Why Everyone Should Read The 7 Habits of Highly Effective People

For the thoughtful generalist. Happy reading, JollyGens!

A few months ago I set out on a journey of self-improvement. While I am always looking for ways to grow and learn, I found myself at a point where I wanted to be my best version and that meant looking deep inside to figure out who that was. Courses, discussions, and exploration in a variety of situations opened my eyes to endless opportunity and potential but one thing, in particular, has always stuck out – Stephen Covey’s The 7 Habits of Highly Effective People.

Introduced to it by my dad, I looked forward to reading it as I knew it was a classic for all ages. My dad noted it as being one of, if not the most, influential book that he’d read in his life. Thinking “now that’s a big statement…” I had my expectations set high. As I started getting into it, I really began to understand why.

Stephen Covey so graceful and modestly takes simple concepts and interconnects them together in a way that makes so much sense. Written almost 30 years ago, it still applies to today as much as it did back then. By breaking it down into 7 habits that build upon one another, it’s easy to understand the incredible impact working on your character, rather than your personality, can have. The habits are by no means simple or quick fixes but rather well-constructed guidelines to follow as you put in the work towards self-improvement.

Even before finishing the book, I was raving about how influential it was to friends. After completing it, I wanted to make sure as many people knew about it as possible. If you want to learn more about the book and reasons to read it, check out some of the links below:

https://blog.hubspot.com/sales/habits-of-highly-effective-people-summary#sm.0000wl6ehlhcbeu8s0914p7ch8s63

http://www.deconstructingexcellence.com/the-7-habits-of-highly-effective-people-summary/

 

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How to Properly Care for Your Succulents

For the generalist with a green-thumb. Plant away, JollyGens!

Over the last several years as my level of responsibility has grown – living on my own, taking care of myself and my space – so has my desire to take that next step to become responsible for the life of another. You may be thinking a dog or cat, or perhaps even a child, is where my thoughts are leading. No, the other life I’ve invited into my life is a plant. Several plants actually. One large fig plant and several small succulents.

While I love the green life it adds to my space, I have never really considered myself to have a green-thumb. It could be the generalist in me, pulled away by something else more interesting or necessary at the time, but I have a hard time keeping track of things like when I’ve last watered my plants. Are they getting enough water? Too much? Do they need light? What temperature and container should they be in? All of these questions have lead me to come up with a few tips and tricks to help properly care for my plants.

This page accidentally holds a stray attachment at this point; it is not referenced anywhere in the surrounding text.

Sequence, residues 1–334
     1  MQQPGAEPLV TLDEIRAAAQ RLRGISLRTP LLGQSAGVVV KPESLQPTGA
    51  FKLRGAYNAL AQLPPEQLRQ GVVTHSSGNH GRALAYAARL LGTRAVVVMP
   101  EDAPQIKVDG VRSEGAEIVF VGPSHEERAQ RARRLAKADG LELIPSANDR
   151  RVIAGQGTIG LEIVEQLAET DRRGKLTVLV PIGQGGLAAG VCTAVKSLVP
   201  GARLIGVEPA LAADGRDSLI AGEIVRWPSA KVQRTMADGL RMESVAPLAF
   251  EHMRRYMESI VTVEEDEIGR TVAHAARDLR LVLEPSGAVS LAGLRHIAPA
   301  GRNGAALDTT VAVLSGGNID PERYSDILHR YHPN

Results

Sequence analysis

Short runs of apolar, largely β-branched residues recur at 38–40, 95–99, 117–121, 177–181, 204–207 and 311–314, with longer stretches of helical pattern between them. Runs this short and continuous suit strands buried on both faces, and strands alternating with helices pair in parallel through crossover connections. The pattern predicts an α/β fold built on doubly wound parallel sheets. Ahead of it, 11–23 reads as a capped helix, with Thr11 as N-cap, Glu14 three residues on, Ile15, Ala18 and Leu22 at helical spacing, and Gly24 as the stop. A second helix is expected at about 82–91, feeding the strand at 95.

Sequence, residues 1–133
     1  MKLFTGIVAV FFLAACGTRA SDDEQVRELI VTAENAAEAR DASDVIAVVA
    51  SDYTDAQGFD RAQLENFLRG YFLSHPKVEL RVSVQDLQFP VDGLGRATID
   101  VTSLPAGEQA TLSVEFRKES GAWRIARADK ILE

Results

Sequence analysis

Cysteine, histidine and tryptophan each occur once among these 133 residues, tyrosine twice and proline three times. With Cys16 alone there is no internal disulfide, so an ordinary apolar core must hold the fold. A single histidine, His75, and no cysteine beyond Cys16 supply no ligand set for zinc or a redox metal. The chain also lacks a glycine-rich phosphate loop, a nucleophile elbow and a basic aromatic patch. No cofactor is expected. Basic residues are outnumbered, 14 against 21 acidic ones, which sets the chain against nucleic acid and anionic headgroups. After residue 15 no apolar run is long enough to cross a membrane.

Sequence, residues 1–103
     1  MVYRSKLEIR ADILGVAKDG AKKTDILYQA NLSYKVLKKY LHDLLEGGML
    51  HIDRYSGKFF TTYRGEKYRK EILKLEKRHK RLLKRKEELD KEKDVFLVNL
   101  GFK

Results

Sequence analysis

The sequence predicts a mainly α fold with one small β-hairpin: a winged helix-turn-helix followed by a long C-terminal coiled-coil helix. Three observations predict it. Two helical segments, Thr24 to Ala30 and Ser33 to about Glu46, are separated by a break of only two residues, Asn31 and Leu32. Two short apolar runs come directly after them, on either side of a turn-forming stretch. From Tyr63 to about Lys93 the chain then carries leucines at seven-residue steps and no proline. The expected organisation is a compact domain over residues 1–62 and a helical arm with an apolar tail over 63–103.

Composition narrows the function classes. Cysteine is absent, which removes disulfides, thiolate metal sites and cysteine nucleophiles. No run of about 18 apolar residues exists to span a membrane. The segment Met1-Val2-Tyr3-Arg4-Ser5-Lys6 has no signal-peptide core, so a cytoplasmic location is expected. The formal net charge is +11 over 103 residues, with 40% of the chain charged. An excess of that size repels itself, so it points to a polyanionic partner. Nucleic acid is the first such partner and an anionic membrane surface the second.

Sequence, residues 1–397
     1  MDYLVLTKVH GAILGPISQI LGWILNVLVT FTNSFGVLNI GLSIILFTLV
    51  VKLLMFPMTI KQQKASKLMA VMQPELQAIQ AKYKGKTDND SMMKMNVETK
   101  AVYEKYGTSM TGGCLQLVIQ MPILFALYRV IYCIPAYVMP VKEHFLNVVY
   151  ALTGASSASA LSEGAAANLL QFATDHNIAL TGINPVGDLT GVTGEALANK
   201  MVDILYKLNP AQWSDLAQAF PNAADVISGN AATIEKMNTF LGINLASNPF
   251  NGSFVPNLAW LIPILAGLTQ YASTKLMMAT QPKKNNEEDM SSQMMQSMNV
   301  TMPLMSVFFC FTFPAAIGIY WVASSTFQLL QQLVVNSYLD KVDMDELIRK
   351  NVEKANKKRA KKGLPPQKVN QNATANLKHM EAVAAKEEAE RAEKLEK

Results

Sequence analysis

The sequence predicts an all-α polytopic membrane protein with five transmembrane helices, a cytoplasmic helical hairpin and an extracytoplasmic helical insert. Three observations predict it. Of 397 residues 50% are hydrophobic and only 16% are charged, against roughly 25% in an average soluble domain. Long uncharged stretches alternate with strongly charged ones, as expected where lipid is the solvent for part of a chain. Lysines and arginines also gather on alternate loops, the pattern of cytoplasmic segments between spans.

Below are five helpful hints for taking care of succulents:
    1. Light

      Succulents generally need at least 6 hours of light per day. Pay attention to the season and direction you face, as keeping the succulents in your window sill all day may end up drying them out. Ideally though the more sunlight they are able to get the better as not enough sunlight may affect its chances of survival.

    2. Water

      While succulents are easier plants to care for as they don’t require regular attention, they still do need water. But don’t overwater. Unlike other plants that typically need watering daily, succulents require more water less frequently. Try taking your succulent and placing it in a cup of water for half an hour once a week.

    3. Temperature

      Succulents don’t seem to be too picky towards temperature. Typically they like to be a bit warmer in the summer and cooler in the winter. By keeping them near the window in a moderate room this should satisfy the seasonal swing.

    4. Container

      Like you and me, succulents don’t like to sit in a soggy environment. For this reason, their best home is in a container that has the ability to drain. Glass containers, while beautiful, may not be the best to store your succulents. If you’re like me and have a terrarium for your succulents, remove the succulent and place it in a cup of water to hydrate for a short amount time before placing back to air out.

    5. Schedule

      Try keeping a schedule of when you’ve last watered your succulents. Put a reminder in your phone or a note on the fridge once a week to keep you in check. A friend of mine told me their trick which is “Watering Wednesday’s” which I’ve now adopted.

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